The establishment of a union is called certification and to terminate union rights the union can be decertified, meaning it will no longer exist.
Federally regulated employees have to certify their union status through the Canada Industrial Relations Board in order to be certified as a trade union. For provincially/territorially regulated employees, if they want to form a union, they have to go through the labour relations board of their province or territory.
Certifying a federal union
All federally regulated employees who wish to form a union are subject to the Canada Labour Code. The Canada Labour Code states: “Every employee is free to join the trade union of his choice and to participate in its lawful activities."
Once federal employees get together and want to be represented by a trade union, they can then apply to the Canada Industrial Relations Board as bargaining agent to represent the employees in collective bargaining.
An application for certification can be filed with the Board at any time, where a trade union has not already been certified to represent the employees.
To establish its status as a trade union, an applicant organization must provide the Board with, among other things, a copy of its constitution, by-laws and charter. A key element in the board's consideration as to whether an employee organization “meets the test” of a trade union is its independence from the employer: it must be free of influence from the employer and able to represent the employees “at arm's length” in collective bargaining with the employer.
Certifying a provincial union
Generally, the process between federal and provincial certification is similar.
For example, in Alberta, a trade union is defined as “an organization of employees that has a written constitution, rules or bylaws and has as one of its objects the regulation of relations between employers and employees.”
Just like under the federal requirements, being certified requires that a group of employees join together to be represented by a union with common goals and for the benefit of the employees in the union.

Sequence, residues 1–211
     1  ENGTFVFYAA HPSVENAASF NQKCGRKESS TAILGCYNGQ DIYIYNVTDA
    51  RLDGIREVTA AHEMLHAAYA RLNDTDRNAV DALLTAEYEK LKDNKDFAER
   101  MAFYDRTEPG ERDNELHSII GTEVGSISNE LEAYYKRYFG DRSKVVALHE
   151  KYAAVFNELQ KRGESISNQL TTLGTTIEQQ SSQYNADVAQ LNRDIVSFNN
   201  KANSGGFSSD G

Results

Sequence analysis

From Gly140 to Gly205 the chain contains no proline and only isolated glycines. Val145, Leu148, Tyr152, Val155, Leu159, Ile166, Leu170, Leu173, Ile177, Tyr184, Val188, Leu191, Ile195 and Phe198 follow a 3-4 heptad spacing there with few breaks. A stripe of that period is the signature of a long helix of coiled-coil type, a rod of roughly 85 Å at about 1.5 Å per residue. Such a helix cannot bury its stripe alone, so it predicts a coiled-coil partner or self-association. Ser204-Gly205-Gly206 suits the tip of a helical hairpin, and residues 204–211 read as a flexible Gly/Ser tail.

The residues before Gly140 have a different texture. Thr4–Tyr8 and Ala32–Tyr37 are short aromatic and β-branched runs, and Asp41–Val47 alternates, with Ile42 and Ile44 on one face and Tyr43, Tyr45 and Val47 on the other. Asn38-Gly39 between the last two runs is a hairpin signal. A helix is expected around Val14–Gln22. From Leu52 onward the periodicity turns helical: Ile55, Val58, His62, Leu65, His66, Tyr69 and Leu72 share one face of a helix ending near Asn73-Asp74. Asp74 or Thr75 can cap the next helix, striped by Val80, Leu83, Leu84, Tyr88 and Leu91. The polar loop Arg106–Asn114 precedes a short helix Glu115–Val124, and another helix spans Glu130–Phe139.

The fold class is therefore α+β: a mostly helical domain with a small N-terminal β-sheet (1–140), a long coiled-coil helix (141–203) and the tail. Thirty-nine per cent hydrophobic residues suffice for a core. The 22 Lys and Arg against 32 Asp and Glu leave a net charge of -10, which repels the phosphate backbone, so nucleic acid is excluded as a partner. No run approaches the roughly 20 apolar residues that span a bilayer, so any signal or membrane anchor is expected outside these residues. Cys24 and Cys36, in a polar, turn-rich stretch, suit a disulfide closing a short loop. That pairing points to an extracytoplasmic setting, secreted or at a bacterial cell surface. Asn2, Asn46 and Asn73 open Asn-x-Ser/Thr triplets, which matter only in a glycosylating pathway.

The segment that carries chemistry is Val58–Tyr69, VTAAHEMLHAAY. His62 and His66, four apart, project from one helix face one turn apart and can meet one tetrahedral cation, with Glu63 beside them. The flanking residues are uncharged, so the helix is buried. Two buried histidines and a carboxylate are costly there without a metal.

There has to be a constitution, bylaws or rules and these documents have to be filed with the board at least 60 days before the proposed union files for certification.
Decertifying a union
When the majority of employees in a union have lost trust in the union, or don’t want the union to represent them, then the union can be decertified.
As with certification the decertification process as well is guided either through the federal or provincial/territorial boards.
You cannot apply to decertify while there is a strike ongoing or during a lockout.
To decertify you will usually need the following information:
- The name, address, and phone number of the applicant, your contact person, the union, and your employer;
- The date the union was certified and the certificate number, if known;
- Approximate number of employees in your bargaining unit;
- A description of your bargaining unit;
- The start date and expiry date of your collective agreement; and
- Information about any orders or decisions made by the CIRB relating to the decertification application.
The process to certify and decertify can be quite complex and it may be a good idea to consult a lawyer.
Applications for Certification Government of Canada
How to Decertify a Union